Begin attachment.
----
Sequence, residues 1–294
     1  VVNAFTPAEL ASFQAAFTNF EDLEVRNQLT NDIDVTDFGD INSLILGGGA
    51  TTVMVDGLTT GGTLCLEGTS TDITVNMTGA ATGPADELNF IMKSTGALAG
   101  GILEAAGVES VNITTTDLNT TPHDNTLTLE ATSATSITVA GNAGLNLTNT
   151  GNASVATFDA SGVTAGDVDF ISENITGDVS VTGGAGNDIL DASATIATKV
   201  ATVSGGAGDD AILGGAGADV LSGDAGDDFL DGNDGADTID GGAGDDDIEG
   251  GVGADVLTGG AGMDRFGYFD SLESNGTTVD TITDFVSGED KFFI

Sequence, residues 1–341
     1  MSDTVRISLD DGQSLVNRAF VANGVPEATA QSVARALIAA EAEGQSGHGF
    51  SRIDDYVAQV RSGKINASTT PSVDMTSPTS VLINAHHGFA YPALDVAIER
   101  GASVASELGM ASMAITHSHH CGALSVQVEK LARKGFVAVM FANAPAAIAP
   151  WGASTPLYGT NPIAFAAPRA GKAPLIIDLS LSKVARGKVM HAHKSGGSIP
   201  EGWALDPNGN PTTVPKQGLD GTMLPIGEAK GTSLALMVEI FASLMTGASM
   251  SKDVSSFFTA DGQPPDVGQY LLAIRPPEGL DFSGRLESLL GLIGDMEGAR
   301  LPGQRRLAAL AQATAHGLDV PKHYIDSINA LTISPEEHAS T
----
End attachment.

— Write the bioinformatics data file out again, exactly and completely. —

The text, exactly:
Sequence, residues 1–294
     1  VVNAFTPAEL ASFQAAFTNF EDLEVRNQLT NDIDVTDFGD INSLILGGGA
    51  TTVMVDGLTT GGTLCLEGTS TDITVNMTGA ATGPADELNF IMKSTGALAG
   101  GILEAAGVES VNITTTDLNT TPHDNTLTLE ATSATSITVA GNAGLNLTNT
   151  GNASVATFDA SGVTAGDVDF ISENITGDVS VTGGAGNDIL DASATIATKV
   201  ATVSGGAGDD AILGGAGADV LSGDAGDDFL DGNDGADTID GGAGDDDIEG
   251  GVGADVLTGG AGMDRFGYFD SLESNGTTVD TITDFVSGED KFFI

Sequence, residues 1–341
     1  MSDTVRISLD DGQSLVNRAF VANGVPEATA QSVARALIAA EAEGQSGHGF
    51  SRIDDYVAQV RSGKINASTT PSVDMTSPTS VLINAHHGFA YPALDVAIER
   101  GASVASELGM ASMAITHSHH CGALSVQVEK LARKGFVAVM FANAPAAIAP
   151  WGASTPLYGT NPIAFAAPRA GKAPLIIDLS LSKVARGKVM HAHKSGGSIP
   201  EGWALDPNGN PTTVPKQGLD GTMLPIGEAK GTSLALMVEI FASLMTGASM
   251  SKDVSSFFTA DGQPPDVGQY LLAIRPPEGL DFSGRLESLL GLIGDMEGAR
   301  LPGQRRLAAL AQATAHGLDV PKHYIDSINA LTISPEEHAS T